At first, she couldn’t deny that she had been swayed by the promises Lucien had offered, but now she was a part of a growing minority who desired the old ways once again – blood tributes to the gods and all. Never in her life had she been so afraid. The first year and a half after Lucien stopped the blood sacrifices and the use of alternative forms of energy to power their homes, she and many others wondered what the gods would do to them if they continued to defy them by not taking part in sacrificing others.
She remembered the first blood sacrifice she had seen as a child. There had been a power outage in her small village, Luche, a couple of miles away from the capital city of Clarius. Her mother dressed in her most beautiful Templeday dress of pink and white. Her father, of course much younger then and more handsome, shaved the shadow of a growing beard and slipped into his finest black and blue Templeday suit with matching Ionese silk tie. Walking in the middle of her parents, Elise held one of her parents’ hands in each of her own tiny gloved ones, as she stared at the glossy blackness of her brand new Templeday shoes, kicking up her heels as she hummed a hymn to Katharoas.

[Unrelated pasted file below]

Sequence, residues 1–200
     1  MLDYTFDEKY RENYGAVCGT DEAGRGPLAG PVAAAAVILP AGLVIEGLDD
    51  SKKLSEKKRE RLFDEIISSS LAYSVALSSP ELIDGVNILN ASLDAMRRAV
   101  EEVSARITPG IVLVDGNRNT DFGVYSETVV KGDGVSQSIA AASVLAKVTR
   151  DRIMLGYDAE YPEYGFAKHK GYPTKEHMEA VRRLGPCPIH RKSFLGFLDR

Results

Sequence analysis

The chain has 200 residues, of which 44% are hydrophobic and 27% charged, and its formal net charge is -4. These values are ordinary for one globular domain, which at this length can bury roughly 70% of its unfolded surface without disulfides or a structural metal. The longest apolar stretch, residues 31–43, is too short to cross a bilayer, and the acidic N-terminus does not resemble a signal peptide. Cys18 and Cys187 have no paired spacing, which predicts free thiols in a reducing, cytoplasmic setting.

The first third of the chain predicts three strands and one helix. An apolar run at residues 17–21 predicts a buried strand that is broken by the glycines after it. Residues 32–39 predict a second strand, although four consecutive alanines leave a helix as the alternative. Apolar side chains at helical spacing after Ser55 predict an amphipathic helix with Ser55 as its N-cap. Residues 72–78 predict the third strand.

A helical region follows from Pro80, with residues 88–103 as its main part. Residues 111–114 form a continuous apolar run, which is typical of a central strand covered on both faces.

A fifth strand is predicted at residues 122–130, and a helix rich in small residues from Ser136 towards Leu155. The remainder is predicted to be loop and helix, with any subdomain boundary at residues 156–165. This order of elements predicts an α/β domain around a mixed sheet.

The beautiful, new day changed though. And changed quickly. Once seated in the Temple with other families, Elise watched with increasing worry as the blood tribute, a dark, slender girl a few years older than her wept profusely. The blood tribute did not shake with sobs, nor did she wail as some children do, but streams of tears poured from her eyes and trickled down her cheeks and showed no signs of stopping as she silently stood within the blood dome, a glass structure, riddled with holes. Dressed in a long, white flowing dress, with large, white flowers in her braided hair, the girl resembled some fairy tale maiden or more precisely . . . a bride of Katharoas. Why is she crying, Elise wondered. Brides should be happy and smiling!
The answer to Elise’s question came in the sound of screams erupting from the girl that strangely tore at her own soul. Elise watched in horror as blood streamed from the blood tribute’s eyes, her wide open mouth, her ears, streaming out in all directions, like ribbons of scarlet pulled by an unseen hand. And the longer the girl screamed the more Elise was convinced that she was losing her own soul. She remembered squeezing her eyes tight, laying her head on her mother’s lap, and plugging her ears to deafen the terrible sound of the dying, bleeding girl.